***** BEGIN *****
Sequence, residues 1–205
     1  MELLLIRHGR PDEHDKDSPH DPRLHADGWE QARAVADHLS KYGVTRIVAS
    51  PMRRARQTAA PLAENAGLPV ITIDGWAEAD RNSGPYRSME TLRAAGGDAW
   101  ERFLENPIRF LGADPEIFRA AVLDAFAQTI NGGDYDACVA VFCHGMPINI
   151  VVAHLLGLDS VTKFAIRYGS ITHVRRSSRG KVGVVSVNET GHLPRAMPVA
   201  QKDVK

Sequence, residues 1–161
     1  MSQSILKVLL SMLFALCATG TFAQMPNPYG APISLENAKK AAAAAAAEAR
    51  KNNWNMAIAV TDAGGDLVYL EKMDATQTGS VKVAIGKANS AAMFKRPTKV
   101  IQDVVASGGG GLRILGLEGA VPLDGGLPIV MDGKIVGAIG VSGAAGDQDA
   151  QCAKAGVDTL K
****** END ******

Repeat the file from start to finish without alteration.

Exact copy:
Sequence, residues 1–205
     1  MELLLIRHGR PDEHDKDSPH DPRLHADGWE QARAVADHLS KYGVTRIVAS
    51  PMRRARQTAA PLAENAGLPV ITIDGWAEAD RNSGPYRSME TLRAAGGDAW
   101  ERFLENPIRF LGADPEIFRA AVLDAFAQTI NGGDYDACVA VFCHGMPINI
   151  VVAHLLGLDS VTKFAIRYGS ITHVRRSSRG KVGVVSVNET GHLPRAMPVA
   201  QKDVK

Sequence, residues 1–161
     1  MSQSILKVLL SMLFALCATG TFAQMPNPYG APISLENAKK AAAAAAAEAR
    51  KNNWNMAIAV TDAGGDLVYL EKMDATQTGS VKVAIGKANS AAMFKRPTKV
   101  IQDVVASGGG GLRILGLEGA VPLDGGLPIV MDGKIVGAIG VSGAAGDQDA
   151  QCAKAGVDTL K